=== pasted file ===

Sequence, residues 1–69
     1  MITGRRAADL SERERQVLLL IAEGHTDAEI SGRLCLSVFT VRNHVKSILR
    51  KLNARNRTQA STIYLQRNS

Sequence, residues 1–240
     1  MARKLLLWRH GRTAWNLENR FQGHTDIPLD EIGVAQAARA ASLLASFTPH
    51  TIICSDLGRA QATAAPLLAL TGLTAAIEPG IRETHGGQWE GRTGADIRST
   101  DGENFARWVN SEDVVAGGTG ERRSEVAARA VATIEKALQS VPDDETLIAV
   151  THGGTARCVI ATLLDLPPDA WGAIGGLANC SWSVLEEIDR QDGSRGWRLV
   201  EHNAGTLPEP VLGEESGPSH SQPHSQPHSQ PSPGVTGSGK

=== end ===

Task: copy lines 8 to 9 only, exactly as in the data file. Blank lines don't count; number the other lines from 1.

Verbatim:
   151  THGGTARCVI ATLLDLPPDA WGAIGGLANC SWSVLEEIDR QDGSRGWRLV
   201  EHNAGTLPEP VLGEESGPSH SQPHSQPHSQ PSPGVTGSGK